It is important to note that these deadlines do not run during the period that the seller uses to eliminate the non-conformity, i.e. the period of responsibility is extended for the duration of the elimination of the deficiency.

Considering the nature of the goods and the purpose for which the consumer procured them, the repair or replacement must be carried out within a reasonable time so that the consumer does not suffer significant inconvenience.

Exercising the right to complaint, i.e. the repair, the replacement or the termination of the contract does not affect the consumer’s right to simultaneously, cumulatively demand from the seller compensation for damages arising from non-conformity of goods, in accordance with the general rules on responsibility for suffered damage, determined by the Law of Contracts and Torts.



The consumer may file a complaint orally at the point of sale where the goods were purchased or at another place designated for receiving complaints, by phone, in writing, electronically, or on a durable medium, with an invoice or other proof of purchase (copy bills, slip, etc.). After receiving the statement on the complaint, the e-merchant is obligated to issue a written confirmation to the consumer or to confirm the reception of the complaint electronically, i.e. to announce the number under which the consumer’s complaint is registered.

The e-merchant is obligated to respond to the consumer in writing or electronically without delay, and no later than within eight days from the day of reception of the complaint. The seller’s response to the consumer’s complaint must include a decision on whether to accept the complaint, a statement on the consumer’s request and a specific proposal and deadline for resolving the complaint. The deadline cannot be longer than 15 days, i.e. 30 days for technical goods and furniture, from the day of submitting the complaint.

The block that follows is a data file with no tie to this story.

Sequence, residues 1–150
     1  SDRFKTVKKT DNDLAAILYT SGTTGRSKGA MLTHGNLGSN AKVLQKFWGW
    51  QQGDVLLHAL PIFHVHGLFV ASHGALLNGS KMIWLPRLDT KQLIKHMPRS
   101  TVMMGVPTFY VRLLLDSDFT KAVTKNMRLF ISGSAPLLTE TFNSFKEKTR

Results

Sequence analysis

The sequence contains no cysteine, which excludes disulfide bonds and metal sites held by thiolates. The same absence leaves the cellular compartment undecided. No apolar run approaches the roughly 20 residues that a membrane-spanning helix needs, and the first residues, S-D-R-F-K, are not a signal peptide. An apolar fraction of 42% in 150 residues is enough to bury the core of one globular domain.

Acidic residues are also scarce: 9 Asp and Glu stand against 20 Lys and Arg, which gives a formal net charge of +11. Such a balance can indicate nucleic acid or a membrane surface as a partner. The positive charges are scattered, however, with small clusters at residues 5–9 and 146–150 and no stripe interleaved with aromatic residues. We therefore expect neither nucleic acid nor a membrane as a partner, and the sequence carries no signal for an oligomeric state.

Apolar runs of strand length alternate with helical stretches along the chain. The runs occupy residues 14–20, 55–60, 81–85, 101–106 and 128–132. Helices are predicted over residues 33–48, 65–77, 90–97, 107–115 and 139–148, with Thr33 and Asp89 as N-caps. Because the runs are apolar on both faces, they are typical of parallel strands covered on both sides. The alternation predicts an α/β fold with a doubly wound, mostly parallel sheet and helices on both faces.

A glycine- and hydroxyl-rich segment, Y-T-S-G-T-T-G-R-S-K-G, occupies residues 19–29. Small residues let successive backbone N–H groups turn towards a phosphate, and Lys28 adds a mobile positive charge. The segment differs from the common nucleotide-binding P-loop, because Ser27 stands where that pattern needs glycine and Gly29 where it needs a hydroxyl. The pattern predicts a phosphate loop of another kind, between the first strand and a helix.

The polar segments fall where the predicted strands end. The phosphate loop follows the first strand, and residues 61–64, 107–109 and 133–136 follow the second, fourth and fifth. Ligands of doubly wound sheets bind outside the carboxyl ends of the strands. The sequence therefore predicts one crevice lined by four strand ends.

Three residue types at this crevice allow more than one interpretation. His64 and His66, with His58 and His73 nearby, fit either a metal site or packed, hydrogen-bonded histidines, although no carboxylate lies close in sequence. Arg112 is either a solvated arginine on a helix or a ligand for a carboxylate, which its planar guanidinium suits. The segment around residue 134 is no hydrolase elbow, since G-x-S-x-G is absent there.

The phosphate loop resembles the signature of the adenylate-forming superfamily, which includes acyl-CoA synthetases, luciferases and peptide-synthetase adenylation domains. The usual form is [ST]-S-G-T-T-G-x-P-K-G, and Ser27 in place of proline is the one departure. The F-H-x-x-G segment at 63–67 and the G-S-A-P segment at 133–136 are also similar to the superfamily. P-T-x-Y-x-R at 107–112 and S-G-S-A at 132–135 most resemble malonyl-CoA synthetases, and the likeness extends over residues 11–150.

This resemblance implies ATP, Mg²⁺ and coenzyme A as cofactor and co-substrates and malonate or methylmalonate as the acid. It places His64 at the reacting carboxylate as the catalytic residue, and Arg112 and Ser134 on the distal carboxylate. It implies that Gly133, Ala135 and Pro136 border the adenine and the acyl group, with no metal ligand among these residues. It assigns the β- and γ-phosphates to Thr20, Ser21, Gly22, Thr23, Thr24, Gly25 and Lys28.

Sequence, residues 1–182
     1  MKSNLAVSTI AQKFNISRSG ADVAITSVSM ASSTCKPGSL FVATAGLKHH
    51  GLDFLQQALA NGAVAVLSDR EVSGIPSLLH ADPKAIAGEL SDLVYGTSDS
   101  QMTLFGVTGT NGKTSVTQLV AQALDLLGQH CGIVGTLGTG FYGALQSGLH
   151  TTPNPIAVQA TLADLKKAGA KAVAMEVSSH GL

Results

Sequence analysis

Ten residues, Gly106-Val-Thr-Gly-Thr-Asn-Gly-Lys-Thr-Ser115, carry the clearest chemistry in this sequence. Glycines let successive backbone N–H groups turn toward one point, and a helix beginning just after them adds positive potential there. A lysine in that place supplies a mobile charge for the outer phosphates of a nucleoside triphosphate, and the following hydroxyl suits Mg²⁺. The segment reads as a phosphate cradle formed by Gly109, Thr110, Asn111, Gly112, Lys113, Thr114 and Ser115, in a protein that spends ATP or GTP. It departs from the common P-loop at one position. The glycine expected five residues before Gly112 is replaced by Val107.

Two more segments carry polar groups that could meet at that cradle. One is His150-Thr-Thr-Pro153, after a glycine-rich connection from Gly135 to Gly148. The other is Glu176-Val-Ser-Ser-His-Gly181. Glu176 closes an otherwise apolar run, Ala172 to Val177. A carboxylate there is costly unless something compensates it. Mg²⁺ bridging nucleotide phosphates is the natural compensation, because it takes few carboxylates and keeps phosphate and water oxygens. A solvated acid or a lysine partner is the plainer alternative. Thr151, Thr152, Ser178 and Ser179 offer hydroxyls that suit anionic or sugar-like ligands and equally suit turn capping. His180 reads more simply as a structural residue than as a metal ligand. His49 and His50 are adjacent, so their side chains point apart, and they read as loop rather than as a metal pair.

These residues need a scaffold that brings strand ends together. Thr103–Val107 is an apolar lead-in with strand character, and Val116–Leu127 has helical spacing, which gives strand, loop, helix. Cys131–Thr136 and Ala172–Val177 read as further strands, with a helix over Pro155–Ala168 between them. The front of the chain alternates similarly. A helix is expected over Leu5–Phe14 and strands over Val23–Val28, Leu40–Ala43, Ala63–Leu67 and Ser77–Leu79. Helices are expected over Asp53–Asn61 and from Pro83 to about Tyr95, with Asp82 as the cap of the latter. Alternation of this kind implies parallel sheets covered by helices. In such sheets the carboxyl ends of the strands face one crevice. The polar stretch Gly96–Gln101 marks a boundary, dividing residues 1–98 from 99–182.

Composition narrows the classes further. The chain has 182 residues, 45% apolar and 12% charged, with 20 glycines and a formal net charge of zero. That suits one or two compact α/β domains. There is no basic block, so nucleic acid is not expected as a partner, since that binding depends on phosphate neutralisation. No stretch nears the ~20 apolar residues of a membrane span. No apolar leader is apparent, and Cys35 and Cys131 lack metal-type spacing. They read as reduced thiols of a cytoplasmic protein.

The seller is obligated to act in accordance with the decision, proposal and deadline for resolving the complaint, only if he has obtained the prior consent of the consumer.

If the seller is not able to satisfy the consumer’s request within the agreed time due to objective reasons, he is obligated to inform the consumer about the extension of the deadline for resolving the complaint and state the deadline within which he will resolve it, as well as to obtain the consumer’s consent which he has to record in the records of received complaints. The deadline for resolving complaints can only be extended once.

In the past, as a frequent reason for rejecting a complaint, it was pointed out that the consumer is not in possession of the original packaging in which the product was purchased. This practice is ended by a legal provision that explicitly emphasizes that the consumer’s ability to deliver the original packaging of the goods to the seller cannot be a condition for accepting the complaint, i.e. the inability of the consumer to deliver the original packaging cannot be a reason for seller to refuse to eliminate the non-conformity.

The seller is obligated to keep records of all declared complaints for at least two years, counting from the day of submitting consumer’s complaints. The mentioned records can be kept in electronic form, i.e. tables in Excel for example, but also in the form of a bound book if the e-merchant prefers it that way. In particular, the records must contain information on the applicant, the date when the complaint was received, information on the goods, a brief description of non-conformity and the request from the complaint, the date of issuance of the reception of the complaint, the decision on the complaint, the date of delivery, the agreed deadline to which the consumer agreed, the manner and date of resolving the complaint, as well as information on the extension of the deadline for resolving the complaint.